A Scottish flavored evening at the Philadelphia Orchestra

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A Scottish flavored evening at the Philadelphia Orchestra

Post by Ricordanza » Mon Jan 22, 2018 11:05 am

It was certainly an unusual sight at a Philadelphia Orchestra concert—a bagpiper, in full regalia, slowly marching down the left aisle of Verizon Hall, playing a tune with the stirring but mournful sounds of his instrument. We saw and heard this in the final moments of Peter Maxwell Davies’ An Orkney Wedding, with Sunrise, the first piece on the orchestra’s program on Thursday night, January 18.

For the second week of the orchestra’s “British Isles Festival,” all three works on the program had a Scottish flavor. I won’t say that they were Scottish, since none of the three composers are natives of Scotland. But Davies comes the closest, as this English-born composer (1934-2016) took up residence in the Orkney Islands off the northern coast of Scotland (brrrr!). This 1984 piece colorfully depicts a wedding, including a drunken party, and ending with a calming sunrise. This was the first Philadelphia Orchestra performance, and the audience responded enthusiastically to the piece.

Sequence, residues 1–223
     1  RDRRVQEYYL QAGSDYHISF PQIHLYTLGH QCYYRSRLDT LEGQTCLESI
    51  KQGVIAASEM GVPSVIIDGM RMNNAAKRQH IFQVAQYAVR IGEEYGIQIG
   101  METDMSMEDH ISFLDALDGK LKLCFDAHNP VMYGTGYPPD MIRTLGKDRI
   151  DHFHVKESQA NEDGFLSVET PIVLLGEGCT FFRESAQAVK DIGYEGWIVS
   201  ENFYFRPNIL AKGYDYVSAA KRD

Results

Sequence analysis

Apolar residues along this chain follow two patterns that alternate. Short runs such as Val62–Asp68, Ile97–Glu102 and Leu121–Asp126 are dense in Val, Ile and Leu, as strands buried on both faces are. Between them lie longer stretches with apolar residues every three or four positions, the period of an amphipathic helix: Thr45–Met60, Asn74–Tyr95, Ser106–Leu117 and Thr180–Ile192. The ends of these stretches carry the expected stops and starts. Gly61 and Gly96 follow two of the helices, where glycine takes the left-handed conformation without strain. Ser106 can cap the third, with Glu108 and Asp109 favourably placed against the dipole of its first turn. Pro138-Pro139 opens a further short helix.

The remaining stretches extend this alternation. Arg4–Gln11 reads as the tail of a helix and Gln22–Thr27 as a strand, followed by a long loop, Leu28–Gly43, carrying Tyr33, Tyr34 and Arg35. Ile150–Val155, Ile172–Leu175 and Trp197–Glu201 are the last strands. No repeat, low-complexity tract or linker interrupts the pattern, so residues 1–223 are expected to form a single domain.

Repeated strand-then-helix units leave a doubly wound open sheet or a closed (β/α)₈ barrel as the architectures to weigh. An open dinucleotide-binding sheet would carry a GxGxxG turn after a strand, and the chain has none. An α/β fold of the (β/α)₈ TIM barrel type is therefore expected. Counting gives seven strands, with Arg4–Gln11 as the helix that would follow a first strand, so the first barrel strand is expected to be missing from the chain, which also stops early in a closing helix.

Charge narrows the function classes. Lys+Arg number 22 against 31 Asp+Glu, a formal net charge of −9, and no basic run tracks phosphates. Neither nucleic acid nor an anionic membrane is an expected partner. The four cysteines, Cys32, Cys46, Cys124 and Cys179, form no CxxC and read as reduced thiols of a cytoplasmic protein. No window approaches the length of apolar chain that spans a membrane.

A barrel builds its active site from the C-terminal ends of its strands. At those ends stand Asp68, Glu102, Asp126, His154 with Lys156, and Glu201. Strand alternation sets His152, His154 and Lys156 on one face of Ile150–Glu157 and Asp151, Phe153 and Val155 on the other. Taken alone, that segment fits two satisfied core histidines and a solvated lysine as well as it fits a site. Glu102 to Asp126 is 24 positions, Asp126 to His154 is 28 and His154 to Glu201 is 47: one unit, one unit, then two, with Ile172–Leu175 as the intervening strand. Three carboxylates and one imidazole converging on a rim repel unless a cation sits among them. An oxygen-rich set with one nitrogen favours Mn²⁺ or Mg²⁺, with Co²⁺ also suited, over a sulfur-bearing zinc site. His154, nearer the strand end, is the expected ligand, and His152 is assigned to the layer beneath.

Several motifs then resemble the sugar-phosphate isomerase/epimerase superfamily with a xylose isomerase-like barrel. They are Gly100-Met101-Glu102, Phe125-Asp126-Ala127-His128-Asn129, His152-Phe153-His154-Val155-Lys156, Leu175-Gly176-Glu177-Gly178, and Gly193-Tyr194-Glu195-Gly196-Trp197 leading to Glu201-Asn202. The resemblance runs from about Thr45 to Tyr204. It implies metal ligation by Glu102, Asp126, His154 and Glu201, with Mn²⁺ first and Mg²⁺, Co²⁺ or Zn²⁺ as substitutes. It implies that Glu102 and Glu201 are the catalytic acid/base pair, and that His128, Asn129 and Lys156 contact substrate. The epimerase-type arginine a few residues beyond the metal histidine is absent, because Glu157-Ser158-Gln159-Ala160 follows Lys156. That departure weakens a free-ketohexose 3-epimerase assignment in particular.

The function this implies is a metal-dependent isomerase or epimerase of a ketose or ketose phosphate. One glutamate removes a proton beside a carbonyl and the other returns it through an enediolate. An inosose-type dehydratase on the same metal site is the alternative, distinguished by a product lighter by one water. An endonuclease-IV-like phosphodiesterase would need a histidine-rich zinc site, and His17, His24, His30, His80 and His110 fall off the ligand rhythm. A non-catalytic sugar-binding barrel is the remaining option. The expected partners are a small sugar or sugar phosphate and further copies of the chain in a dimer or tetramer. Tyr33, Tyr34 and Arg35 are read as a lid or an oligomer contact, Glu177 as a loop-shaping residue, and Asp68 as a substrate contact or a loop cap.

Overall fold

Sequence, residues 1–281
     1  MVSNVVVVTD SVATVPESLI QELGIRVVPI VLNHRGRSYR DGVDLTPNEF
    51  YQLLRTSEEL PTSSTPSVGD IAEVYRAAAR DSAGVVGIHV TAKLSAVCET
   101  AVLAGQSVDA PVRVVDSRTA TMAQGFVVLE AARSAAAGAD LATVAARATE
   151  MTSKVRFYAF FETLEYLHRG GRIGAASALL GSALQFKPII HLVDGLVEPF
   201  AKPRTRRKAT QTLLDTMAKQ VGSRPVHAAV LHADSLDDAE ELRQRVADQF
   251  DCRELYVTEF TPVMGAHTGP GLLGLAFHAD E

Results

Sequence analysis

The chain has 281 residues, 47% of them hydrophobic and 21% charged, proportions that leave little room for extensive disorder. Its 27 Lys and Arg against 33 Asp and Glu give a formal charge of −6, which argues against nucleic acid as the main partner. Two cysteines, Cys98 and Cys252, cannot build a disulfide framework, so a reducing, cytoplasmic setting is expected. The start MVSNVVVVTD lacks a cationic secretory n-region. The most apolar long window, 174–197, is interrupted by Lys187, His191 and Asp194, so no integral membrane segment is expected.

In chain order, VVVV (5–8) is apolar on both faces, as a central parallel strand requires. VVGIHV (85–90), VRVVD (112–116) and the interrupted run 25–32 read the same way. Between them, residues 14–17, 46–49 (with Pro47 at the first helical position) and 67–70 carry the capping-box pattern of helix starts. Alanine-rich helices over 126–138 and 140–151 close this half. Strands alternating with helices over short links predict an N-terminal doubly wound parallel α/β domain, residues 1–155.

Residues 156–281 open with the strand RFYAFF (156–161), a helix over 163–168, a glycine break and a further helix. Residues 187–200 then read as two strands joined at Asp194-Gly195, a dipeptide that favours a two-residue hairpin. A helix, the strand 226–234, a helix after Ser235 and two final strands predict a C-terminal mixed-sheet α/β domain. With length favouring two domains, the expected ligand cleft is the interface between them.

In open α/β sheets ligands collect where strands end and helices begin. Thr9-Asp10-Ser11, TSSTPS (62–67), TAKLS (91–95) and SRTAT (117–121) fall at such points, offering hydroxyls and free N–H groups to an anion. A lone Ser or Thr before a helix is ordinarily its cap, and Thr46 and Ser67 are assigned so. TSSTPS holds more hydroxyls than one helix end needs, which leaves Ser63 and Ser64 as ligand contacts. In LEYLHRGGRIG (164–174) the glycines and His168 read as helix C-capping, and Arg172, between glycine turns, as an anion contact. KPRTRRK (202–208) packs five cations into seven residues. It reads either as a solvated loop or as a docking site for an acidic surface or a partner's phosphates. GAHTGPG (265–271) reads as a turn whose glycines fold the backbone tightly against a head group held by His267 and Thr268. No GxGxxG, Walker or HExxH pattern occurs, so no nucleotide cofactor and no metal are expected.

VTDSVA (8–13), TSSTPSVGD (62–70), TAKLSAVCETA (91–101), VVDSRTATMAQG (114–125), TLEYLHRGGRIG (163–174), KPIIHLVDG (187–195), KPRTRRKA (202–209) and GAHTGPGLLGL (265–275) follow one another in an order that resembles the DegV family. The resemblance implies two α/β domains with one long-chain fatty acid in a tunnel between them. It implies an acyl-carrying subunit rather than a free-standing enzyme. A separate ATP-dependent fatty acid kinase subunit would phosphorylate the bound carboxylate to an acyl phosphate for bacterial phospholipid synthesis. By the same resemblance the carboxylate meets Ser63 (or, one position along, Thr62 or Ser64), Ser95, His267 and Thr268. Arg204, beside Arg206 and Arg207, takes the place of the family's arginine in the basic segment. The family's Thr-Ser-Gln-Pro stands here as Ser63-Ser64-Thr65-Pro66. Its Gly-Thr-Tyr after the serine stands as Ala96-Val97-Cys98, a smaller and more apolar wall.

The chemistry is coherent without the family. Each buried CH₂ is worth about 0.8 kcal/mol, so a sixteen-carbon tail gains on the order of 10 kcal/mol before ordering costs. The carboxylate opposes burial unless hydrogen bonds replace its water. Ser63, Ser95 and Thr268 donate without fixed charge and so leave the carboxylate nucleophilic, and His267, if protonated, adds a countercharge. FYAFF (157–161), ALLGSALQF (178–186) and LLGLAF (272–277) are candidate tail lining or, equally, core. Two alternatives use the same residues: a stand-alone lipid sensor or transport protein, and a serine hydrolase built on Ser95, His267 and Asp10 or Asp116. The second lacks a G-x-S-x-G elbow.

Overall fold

The next work, Max Bruch’s Scottish Fantasy, is an established crowd-pleaser. Bruch incorporated Scottish folk melodies in this showpiece for violin and orchestra, and the audience was treated to an outstanding performance by Juliette Kang, the orchestra’s first associate concertmaster. I know that this orchestra is filled with fine musicians, but this performance was many levels above “fine.” Tone, technique, phrasing, emotional commitment—she has it all.

The melodies in Mendelssohn’s Scottish Symphony (No. 3, but actually the last of five adult symphonies he composed) are not specifically folk tunes, but were inspired by Mendelssohn’s visit to Scotland at age 20. There are no bagpipes in this symphony, of course, but my personal impression is that the aura of that instrument—sounds which are both mournful and stirring—can be found in this gorgeous work. Music Director Yannick Nézet-Séguin led a warm and flowing rendition of this beloved symphony.

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